We’re beginning to use 3D printing in getting kids introduced to additive manufacturing and how exciting this can be. DARPA is running a program where they want to fill 1,000 schools up with 3D printers. We’re saying to them that a certain percentage of those schools should be in the ecosystem of the additive manufacturing institute. We start getting kids on a track so that people don’t graduate from high school ... and stare at their wristwatch and say, “What am I going to do now?” They are already on a track to have a very exciting career, and participate in creating the next industrial revolution, coming out of Youngstown, Ohio. This is very exciting for young people.

Here we are today. We landed the thing. We’ve got a lot of momentum, and now we have a lot of private sector people calling to be a part of it. What’s happening in Youngstown is probably one of the best economic development turnaround stories in our country’s history. You’ve never seen two iconic cities, like Akron and Youngstown, hit rock bottom, and are turning it around with technology and additive manufacturing, building on their previous investments in educational institutions. It’s a hell of a great story.

Manufacturing.net: Why did you push so strongly to bid on getting NAMII into your district? What value did you see in your region, specifically, being the focus on that investment?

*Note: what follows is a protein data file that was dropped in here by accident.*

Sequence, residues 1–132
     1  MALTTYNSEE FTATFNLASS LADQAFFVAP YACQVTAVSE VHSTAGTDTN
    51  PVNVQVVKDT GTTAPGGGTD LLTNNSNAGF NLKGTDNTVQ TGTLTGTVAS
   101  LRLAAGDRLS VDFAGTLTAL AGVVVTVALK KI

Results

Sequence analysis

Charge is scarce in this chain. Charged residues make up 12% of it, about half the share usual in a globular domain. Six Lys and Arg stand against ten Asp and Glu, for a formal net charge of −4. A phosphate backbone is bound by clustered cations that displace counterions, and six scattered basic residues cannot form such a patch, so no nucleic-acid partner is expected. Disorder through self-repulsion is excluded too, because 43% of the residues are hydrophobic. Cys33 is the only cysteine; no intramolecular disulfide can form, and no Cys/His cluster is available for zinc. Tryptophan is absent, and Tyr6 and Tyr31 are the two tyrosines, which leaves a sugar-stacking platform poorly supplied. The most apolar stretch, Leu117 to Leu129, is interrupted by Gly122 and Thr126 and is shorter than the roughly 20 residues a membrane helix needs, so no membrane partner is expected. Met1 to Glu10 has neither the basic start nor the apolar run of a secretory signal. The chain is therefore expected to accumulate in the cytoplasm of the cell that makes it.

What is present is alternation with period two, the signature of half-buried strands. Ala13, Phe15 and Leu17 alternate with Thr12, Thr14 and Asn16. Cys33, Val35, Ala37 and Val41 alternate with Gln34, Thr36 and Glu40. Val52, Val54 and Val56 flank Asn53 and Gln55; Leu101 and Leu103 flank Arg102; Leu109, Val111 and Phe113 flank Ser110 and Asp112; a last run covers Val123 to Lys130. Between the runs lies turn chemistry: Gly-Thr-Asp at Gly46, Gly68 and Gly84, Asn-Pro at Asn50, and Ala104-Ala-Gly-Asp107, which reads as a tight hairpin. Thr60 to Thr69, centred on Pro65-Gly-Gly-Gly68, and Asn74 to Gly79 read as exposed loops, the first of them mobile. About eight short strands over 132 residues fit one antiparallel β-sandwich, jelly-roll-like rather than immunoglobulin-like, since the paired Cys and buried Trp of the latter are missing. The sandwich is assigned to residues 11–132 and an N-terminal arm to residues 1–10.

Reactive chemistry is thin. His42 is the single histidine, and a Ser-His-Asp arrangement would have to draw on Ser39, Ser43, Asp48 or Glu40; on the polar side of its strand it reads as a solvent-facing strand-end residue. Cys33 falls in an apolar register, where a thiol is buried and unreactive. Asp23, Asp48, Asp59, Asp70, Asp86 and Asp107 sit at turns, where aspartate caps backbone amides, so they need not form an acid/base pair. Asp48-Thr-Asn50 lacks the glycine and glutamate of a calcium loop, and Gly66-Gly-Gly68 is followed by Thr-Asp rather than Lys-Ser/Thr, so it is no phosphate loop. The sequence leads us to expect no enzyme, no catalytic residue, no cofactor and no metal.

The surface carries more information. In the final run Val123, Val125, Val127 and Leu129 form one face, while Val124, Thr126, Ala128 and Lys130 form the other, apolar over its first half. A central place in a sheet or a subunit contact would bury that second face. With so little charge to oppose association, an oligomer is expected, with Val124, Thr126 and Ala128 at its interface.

Rep. Ryan: This goes back all the way to 2007, when we started a Tech Belt Initiative. Congressman Jason Altmire, who was representing western Pennsylvania at the time, basically called and challenged everyone from Cleveland and Akron and Youngstown, all the way over to Pittsburgh, to come together and start forming a “mega region.” The Brookings Institute wrote a lot about how the future of economic development, and really, the country, was going to be defined by these mega regions, like the Cleveland-to-Pittsburgh corridor.

Our success, and I think why we won, was because we had the level of collaborations that were needed to pull this thing off. Both public and private. To have what Pittsburgh has, with Carnegie Mellon and Penn State, tied in with Case Western, and what the University of Akron is doing with polymers, and Youngstown State is doing with workforce development and STEM education — we’re all able to come together. Ultimately, that’s what allowed us to win that competition.

I’ve been convinced for a long time that manufacturing jobs follow the new ideas. If we connect these networks in northeast Ohio or western Pennsylvania, there will be innovation that comes from the creative excitement. That’s what’s happening now.

Manufacturing.net: NAMII was essentially unproven when you bid for it, and so was the National Network for Manufacturing Innovation (NNMI). Why take that risk?